Suggesting Alternatives for Unacceptable Behaviour
If our child is doing something that we don’t approve of, we can often suggest another similar activity, which will be appealing to him or her. We need to be thinking laterally and creatively, when we are raising our children. By doing this, our lives will be made easier, because we will both be content with the re-direction. We can also give our child a choice between two alternatives, which will help the child feel more empowered.
This strategy works particularly well once the child is able to reason; around three years old. If we can remain calm when talking to our child, most of the time, we will be more likely to gain co-operation from him. It is helpful to be very specific in our requests and to be aware or our child’s level of development. If we can give a reason, and an acceptable alternative, our child is far more likely to go along with our request. Saying “No!” or “Don’t!” is not nearly as effective, and doesn’t consider the child’s needs and wants.
Below are some examples of alternatives we can suggest:
Your child is physically attacking another person. E.g. kicking, punching, biting, scratching, pinching, hitting
“Stop hurting (insert name)! It is not acceptable to hurt another person. You need to tell this person how you feel, and what you want to happen.”
Your child is spitting or swearing.
“Stop spitting/swearing! This is unacceptable in our family. If you must do it, do it down the back of the yard, where no-one can hear/see.”
Your child is calling someone a disrespectful name.
“In our family we don’t call each other names, so that we don’t hurt people’s feelings.”
Your child has the radio/TV/computer too loud.
“Please turn down the volume, so that we can talk in here, or listen in your/this room.”
Your child is about to take out another container of toys.
“Please (help to) put these toys/things away, before you take out another lot.”
Your child drops her clothes on the floor.
“Please place your dirty clothes in the wash basket, so that they can be washed.”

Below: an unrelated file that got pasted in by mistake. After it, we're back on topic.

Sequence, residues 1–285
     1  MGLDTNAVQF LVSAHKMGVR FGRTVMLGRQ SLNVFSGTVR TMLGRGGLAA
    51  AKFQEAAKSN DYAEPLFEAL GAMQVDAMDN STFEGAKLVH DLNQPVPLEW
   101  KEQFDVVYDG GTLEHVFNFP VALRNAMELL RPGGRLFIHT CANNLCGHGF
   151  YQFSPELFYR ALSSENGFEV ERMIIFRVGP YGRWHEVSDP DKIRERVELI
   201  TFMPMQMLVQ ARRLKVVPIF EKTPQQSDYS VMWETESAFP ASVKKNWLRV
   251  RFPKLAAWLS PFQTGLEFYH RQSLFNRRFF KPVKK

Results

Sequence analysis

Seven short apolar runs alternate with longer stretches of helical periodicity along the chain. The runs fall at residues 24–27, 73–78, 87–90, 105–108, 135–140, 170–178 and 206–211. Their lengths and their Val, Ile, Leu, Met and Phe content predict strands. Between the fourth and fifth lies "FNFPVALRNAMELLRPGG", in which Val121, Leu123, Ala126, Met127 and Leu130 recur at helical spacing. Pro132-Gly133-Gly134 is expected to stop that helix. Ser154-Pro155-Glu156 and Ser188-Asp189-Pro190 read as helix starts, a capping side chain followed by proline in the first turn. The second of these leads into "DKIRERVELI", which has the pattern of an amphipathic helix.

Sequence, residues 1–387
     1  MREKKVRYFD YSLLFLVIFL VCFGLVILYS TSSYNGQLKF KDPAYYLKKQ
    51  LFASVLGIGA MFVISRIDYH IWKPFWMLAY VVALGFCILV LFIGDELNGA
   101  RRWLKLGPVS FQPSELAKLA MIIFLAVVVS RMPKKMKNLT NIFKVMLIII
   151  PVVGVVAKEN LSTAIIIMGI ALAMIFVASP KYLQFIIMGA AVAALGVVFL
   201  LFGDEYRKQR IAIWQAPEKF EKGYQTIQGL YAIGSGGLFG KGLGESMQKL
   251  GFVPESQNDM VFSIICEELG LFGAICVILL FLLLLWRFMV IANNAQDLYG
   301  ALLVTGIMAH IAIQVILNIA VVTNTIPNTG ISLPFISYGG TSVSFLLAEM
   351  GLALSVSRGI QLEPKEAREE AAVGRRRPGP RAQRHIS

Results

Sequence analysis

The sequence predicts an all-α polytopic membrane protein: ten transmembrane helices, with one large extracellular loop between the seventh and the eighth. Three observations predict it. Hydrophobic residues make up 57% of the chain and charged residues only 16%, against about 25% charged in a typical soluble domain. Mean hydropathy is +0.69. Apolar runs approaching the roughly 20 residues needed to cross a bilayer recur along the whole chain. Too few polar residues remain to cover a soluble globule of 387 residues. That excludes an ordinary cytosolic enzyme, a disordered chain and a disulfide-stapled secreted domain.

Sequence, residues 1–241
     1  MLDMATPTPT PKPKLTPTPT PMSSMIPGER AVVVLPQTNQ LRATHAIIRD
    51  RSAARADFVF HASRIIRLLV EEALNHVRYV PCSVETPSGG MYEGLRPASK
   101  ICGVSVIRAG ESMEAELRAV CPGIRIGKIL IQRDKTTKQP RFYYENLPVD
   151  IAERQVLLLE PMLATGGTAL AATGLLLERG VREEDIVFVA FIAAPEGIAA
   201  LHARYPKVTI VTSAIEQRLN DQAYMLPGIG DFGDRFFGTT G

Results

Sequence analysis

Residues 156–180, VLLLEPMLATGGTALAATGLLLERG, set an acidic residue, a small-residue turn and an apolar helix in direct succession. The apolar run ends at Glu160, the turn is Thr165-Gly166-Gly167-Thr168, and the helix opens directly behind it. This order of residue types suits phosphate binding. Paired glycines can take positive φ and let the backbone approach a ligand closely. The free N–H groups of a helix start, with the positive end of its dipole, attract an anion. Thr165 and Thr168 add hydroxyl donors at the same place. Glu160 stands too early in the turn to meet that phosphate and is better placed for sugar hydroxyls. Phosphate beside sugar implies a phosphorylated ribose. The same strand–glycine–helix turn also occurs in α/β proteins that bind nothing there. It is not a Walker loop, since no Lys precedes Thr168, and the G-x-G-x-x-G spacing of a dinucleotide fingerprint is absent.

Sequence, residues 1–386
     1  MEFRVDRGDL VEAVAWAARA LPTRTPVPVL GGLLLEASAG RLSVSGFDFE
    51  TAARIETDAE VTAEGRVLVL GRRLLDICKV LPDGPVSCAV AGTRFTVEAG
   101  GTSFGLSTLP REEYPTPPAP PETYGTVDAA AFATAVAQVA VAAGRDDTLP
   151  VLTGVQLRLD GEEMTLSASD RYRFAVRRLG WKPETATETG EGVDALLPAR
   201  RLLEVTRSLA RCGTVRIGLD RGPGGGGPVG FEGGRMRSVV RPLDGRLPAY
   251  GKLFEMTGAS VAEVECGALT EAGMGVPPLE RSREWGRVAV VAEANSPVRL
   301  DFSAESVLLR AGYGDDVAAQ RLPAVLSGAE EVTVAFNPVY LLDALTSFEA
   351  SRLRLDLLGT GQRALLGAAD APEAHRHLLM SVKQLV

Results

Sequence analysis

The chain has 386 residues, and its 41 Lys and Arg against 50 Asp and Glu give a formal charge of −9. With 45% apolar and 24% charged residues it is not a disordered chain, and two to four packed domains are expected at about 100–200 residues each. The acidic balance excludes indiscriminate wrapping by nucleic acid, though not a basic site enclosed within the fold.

Your child comes home late.
“If you can’t get home by (agreed time), please let us know, so that we know you are safe.”
Your child wants to bring a dirty gardening fork inside, or an unsuitable toy/object outside.
“Please keep the fork outside as it is dirty.” “This toy needs to stay inside, so that it won’t get dirty or spoiled.”
Throwing or bouncing balls inside the home.
“I am worried that you might break something. Please play with the ball outside, or stick to rolling it inside”.
Dropping or throwing heavy toys or objects.
“I am concerned that you may hurt someone, or damage something. Please play with your (insert very light object) instead, or stop dropping or throwing it”.
Touching precious ornaments
“Stop! I’m worried that you may damage my ornament. You can touch this one if you like.”
Your child wants to paint or do other messy play.
“When you have your smock (or old clothes) on, I will get the paints for you /you can get out the paints, and paint outside, or in this area.”
Your child starts swinging a yo-yo or skipping rope or similar inside.
“Stop swinging please! You might hit someone accidentally, or break something. Please take it outside/ in this area.”
Your child is jumping on the couch/bed/furniture.
“Stop jumping please! This is not acceptable in this house. Please jump on the trampoline or somewhere outside. Couches are for sitting on.”
Your child is making it clear to you that she wants to climb.
“Do not climb on this! You might fall and hurt yourself on the tiles/chair/whatever. You can climb on the play equipment outside or we can go to the park this afternoon.”
Your child is eating in the lounge-room or bedroom.
“If you would like to eat, please do it in the family room, kitchen or outside. Let’s keep the mess in there.”
Your child is running in the house or another indoor venue.
“Please stop running inside! It’s not safe. You can run outside or on the spot here.”
Your child is shouting in the house or another indoor venue.
“Please stop shouting here! You may shout outside/ in your room, or talk quietly inside.”
If the child ignores us, and continues with the unacceptable behaviour, there are a few other things we can do. These will be covered in future articles.